Professional development a priority post-COVID

‘Canadians are very motivated to move their careers and training forward’

Professional development a priority post-COVID

Canadians are ready to take their professional and personal lives by the horns post COVID-19.

Nearly three-quarters (74 per cent) are prioritizing self-improvement, looking to level up their work and life, when the health crisis is over. And 68 per cent are unafraid to make a move if something is not working for them, saying work-life balance needs to be upheld without compromise.

“Canadians are going to prioritize themselves. Meaning that Canadians want to enjoy work, they want to enjoy life and if something isn’t working for them, they’re motivated to make a change,” says Jessica Scott, director, PowerED by Athabasca University, in an interview with Canadian HR Reporter.

“Having been locked down for so long, over a year and a half, we now focus on happiness above all else, and Canadians are willing to do whatever it takes to get there.”

Reskilling and upskilling

Over 70 per cent of Canadians will also advocate on behalf of themselves to their employers for more training to re-skill, to upskill and for promotions, says Scott.

“Canadians are very motivated to move their careers forward, their training forward, either for their current role at an organization or they’re willing to make a jump to a new company for their happiness,” she says.

“Training is becoming more of a priority for Canadians… and organizations in Canada are also seeing and realizing the need to invest in employees.”

Nearly six in 10 (57 per cent) of Canadian workers are willing to reskill to get into a new career, according to a separate report.

Micro-credentials and formal education

Overall, 73 per cent of Canadians want employers to invest more in digital training for their workers. And 65 per cent say people today expect their employers to provide cutting-edge learning including higher education, found the study from Athabasca University based on a survey of over 1,500 Canadian adults in May.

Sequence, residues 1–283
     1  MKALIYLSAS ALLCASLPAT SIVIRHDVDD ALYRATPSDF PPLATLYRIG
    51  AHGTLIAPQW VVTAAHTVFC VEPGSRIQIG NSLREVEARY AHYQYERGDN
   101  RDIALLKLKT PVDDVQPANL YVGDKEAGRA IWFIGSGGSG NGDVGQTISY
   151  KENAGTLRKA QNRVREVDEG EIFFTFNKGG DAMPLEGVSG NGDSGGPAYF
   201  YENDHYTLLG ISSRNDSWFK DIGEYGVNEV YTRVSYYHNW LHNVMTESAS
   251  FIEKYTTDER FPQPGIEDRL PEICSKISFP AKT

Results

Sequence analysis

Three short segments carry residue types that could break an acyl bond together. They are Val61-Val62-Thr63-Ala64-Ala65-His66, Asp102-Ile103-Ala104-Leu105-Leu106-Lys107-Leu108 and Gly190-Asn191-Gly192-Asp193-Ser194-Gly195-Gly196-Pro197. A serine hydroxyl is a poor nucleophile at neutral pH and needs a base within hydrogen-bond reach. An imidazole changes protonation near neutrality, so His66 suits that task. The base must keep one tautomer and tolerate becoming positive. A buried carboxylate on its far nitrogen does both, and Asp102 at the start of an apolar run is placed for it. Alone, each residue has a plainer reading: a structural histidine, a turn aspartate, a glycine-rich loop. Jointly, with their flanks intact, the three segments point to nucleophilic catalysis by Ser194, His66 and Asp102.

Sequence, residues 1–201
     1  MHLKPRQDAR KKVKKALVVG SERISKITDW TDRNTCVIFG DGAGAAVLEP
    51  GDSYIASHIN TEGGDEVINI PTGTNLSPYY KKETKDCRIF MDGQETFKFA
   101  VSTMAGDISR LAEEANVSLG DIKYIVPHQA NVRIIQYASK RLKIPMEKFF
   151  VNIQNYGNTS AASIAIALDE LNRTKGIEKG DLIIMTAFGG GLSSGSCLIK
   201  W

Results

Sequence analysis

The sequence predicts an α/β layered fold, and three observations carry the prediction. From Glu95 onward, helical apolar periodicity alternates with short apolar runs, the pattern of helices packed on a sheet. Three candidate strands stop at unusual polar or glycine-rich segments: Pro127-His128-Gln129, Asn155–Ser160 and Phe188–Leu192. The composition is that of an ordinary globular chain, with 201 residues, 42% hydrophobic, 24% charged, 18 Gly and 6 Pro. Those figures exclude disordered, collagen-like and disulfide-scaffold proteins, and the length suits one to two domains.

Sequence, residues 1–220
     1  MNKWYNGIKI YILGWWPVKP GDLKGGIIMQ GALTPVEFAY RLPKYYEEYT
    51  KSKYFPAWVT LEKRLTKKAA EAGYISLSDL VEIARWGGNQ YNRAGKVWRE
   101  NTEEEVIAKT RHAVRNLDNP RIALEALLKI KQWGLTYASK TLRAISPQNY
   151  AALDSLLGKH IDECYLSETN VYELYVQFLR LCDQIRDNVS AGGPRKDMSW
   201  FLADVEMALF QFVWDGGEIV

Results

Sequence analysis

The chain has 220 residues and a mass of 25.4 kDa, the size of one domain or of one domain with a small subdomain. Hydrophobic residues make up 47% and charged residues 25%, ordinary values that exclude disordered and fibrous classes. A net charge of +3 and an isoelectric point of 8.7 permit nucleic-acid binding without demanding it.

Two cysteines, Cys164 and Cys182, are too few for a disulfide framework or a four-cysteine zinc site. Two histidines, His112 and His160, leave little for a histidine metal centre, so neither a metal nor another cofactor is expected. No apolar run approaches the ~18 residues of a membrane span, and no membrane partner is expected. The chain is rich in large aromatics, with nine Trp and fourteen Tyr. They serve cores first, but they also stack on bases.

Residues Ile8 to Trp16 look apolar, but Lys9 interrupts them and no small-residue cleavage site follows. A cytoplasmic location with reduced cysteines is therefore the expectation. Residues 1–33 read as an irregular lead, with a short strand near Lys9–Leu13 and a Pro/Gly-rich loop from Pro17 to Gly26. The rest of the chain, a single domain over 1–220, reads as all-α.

Meanwhile, three out of five Canadians aged 18 to 54 have their eyes set on “micro-credentials” from universities that they can use to upskill and up-level their careers.

When it comes to micro-credentials, there is an awareness gap among Canadians and employers about what they are and how they work, according to a previous report.

Workers may be able to enjoy both types of training, says Scott.

“Micro-credentials are flexible, they are typically delivered online, they’re short bursts of content that are competency-based with either a pre- or post-assessment leading to a digital badge or some sort of credential, might be a certificate,” she says.

Jessica Butts Scott

“A lot of post-secondary institutions, like Athabasca University, are working on ways to enable learners to create pathways from micro-credentials into traditional university degree programs, so that a learner can come in, earn a micro-credential, perhaps stack a few micro-credentials, and then, if they choose to, they can enter into a traditional degree pathway and earn credit for the work that they’ve already done with the micro-credential.

There aren’t necessarily disadvantages to both approaches, it’s more about meeting the learner where the learner’s at in the moment, “and then providing the access to education that they need in that moment,” says Scott.

However, employers should recognize that workers are looking for opportunities to learn on-demand, says Scott.

“We know that more and more professionals want on-demand training. So they want access to training in the moment when they need it. So it’s not about going to a class on Thursday and Friday and sitting in a classroom from 10 to 2 to learn about something. It’s about accessing knowledge, accessing tools, frameworks that they can apply at the moment.”

Informal training

And while formal training opens a lot of opportunities for workers, employers should not overlook the good qualities that employees can get in informal coaching or mentoring setups, even if people are working remotely, says Scott.

“We know that there are three ways of learning: There’s accidental, conscious and deliberate learning. And organizations can focus on that deliberate learning by creating opportunities for mentorship to take place within their organization in an informal way.”

“Modelling gives you the capacity to fast-track training and achieve what you want in a shorter period of time.”

But it does take effort, she says.

“And it does take a willingness on team members to make those connections, to set aside time to have those engaging conversations and to teach others. So there is effort there that needs to be made in perhaps the digital means, something like a Zoom conversation, if you will.”

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